How A Hard Landing For China Became A Helicopter Eject Seat For Brazil

Tyler Durden's picture

Depending on what market or macro indication you choose to believe in, China is doing terribly badly or is on a sustainable path to a more domestic consumption-based economy. This weekend's PMIs show the economy is barely limping higher but Industrial Output is dismally low; HSI is ripping higher while SHCOMP is at multi-year lows. What is more critical, as Bloomberg's Michael McDonough points out today, is China’s growing role as a transmission mechanism between the economies of the developing and developed world. China’s economic rise has been accompanied by a surge in its appetite for imports - especially raw materials - even as global demand has been slow to recover. This introduces new stresses for many export-oriented countries by reducing the diversity of their trade relationships as they become more and more dependent on China in particular, creating substantial risk for those economies, which account for an increasing share of global GDP. Russian, Brazilian and Indian trade volumes have become heavily dependent on China at 10.6 percent, 17.5 percent and 9 percent, respectively. An economic crisis in Brazil would have a minimal impact on the Chinese economy, while a slowdown in China would likely crush Brazil’s external sector and domestic economy.



Source: Bloomberg Briefs

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Jason T's picture

China's car consumption, at some 18 million cars a year now.. from 9 million in 2008 shows that their growth is for real.  New cars in China are new gas tanks.. which require new gas stations, new auto repair shops. auto supply shops, ect.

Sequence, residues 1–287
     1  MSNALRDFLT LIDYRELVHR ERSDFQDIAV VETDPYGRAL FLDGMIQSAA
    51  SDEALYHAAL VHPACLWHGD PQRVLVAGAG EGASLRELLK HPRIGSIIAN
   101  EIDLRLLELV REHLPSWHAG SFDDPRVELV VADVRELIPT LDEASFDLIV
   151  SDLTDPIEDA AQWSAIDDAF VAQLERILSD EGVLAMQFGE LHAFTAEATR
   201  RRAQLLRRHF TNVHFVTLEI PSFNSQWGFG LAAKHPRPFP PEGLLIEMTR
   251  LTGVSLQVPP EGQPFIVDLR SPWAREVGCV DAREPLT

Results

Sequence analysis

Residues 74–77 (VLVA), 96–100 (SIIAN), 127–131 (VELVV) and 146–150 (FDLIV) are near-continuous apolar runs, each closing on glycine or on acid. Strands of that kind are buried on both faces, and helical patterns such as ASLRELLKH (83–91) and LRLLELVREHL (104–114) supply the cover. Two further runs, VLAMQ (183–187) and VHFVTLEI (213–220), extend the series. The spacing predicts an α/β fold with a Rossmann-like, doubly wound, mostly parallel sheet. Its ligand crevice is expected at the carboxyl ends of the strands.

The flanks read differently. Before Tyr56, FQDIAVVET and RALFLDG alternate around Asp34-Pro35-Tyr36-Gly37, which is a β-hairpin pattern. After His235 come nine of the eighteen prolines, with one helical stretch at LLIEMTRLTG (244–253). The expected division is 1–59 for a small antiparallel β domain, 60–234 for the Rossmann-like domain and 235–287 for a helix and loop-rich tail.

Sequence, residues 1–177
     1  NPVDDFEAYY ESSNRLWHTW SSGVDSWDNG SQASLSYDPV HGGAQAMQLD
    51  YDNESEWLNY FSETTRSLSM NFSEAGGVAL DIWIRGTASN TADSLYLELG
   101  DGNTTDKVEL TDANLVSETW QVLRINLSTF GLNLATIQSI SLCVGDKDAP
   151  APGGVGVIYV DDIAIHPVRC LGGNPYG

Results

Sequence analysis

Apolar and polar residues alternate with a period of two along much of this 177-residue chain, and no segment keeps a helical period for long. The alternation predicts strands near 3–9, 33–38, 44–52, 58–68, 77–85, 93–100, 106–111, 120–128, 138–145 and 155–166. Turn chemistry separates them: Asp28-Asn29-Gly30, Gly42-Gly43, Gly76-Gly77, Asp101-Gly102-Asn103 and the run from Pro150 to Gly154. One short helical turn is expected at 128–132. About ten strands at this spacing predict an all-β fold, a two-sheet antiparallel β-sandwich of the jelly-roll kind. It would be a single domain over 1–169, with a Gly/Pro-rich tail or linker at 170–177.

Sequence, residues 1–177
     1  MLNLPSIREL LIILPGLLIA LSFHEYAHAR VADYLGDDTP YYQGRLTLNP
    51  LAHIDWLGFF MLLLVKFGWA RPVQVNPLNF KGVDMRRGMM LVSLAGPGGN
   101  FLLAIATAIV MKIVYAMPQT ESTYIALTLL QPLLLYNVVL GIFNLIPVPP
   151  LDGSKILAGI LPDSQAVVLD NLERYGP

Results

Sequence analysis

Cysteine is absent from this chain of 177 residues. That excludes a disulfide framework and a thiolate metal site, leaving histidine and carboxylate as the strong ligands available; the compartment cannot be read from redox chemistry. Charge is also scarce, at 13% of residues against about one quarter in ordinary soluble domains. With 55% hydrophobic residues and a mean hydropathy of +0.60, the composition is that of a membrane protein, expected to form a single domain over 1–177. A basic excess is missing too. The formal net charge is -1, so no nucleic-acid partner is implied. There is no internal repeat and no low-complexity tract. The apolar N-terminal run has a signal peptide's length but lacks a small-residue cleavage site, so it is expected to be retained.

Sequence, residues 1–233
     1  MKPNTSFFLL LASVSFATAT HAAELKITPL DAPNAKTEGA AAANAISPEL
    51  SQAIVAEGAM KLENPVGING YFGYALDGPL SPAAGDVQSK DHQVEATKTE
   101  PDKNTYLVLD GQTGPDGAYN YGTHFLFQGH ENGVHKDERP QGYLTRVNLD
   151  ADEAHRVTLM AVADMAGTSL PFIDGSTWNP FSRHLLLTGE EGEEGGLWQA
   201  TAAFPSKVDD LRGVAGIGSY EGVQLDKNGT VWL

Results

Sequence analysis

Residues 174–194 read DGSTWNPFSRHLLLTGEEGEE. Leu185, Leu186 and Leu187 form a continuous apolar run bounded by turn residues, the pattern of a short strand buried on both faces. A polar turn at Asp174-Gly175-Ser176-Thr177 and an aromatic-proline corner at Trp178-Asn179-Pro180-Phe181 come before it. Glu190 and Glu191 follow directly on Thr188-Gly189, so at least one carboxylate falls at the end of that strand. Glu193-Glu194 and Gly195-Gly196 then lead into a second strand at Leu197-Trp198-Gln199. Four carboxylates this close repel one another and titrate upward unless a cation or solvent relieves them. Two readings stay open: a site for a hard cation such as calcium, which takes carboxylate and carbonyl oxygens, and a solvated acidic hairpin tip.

New cars in the US are replacement cars and I believe we are junking more cars than selling on a net basis.  


So China's consumer economy has a ways to go and that is up up up.  US, even with regards to trade with China is becoming more and more meaningless.

CrazyCooter's picture

Only as long as oil supply goes up up up. Otherwise, the price of oil goes up up up.



Marco's picture

Of course if the petro-dollar system crashes a whole lot of oil suddenly becomes available for more productive and/or resource rich countries than the US (basically everyone except some overpopulated shitholes, predominantly Islamic).

LawsofPhysics's picture

bullshit.  commodities only become "available" when they are produced and delivered.  Oil is no different.  There are over 7 billion people competing for a better quality of life and right now oil is a big part of that.  That demand is growing, not shrinking.  Moreover, America is very resource rich.  Guess it's time to ask for gold in exchange for my sorbeans then.  Fine with me, fucking bring it.

youngman's picture

You can Add Colombia to that list too...our coal exports are down....

LFMayor's picture

But nose-candy is at an all time boom!

1fortheroad's picture

Wait till Brazils PMI is posted, of course they fudge figures with the best of them. 


Never mind, aready done. Brazil is soild as a bric!


Monedas's picture

Brazil's female president is a communist genius !  Oxy Moron:  ON/off

earleflorida's picture

'America's carpe`diem mentality over three decades has destroyed what three centuries had accomplished-- thankyou CFR!!!

Ref1:    [5/1/12]

Ref2:  **                                               ** problems with link below      [6/18/12]

Ref3:     Google @ "AP Impact: China Overtaking US as Global Trader"  [12/3/12]  * Hat tip Drudge Report :-))

Ps.  America has been sold down the river by our politicians whom Sen. Joe McCarthy said before he was {?killed? // 1957}ridiculed and stigmatized by the ?Free Press and Hollywood's commies? jammed packed with Communist!!!

Ps2.   Just look at the forienors at the helm in our state department and a Central Bank that gives the US Gov't. its marching orders!   JMO

thankyou tyler

mnr49ir's picture

An obvious question is: How big is the export sector to the Brazilian economy? The answer is 10.5%. So all exports to China are less than 2% of GDP. VALE may get hit with declining iron ore exports, but China isn't going to stop eating and importing soy and other foodstuffs. Slowing growth in China (by itself) isn't going to crater Brazil's economy.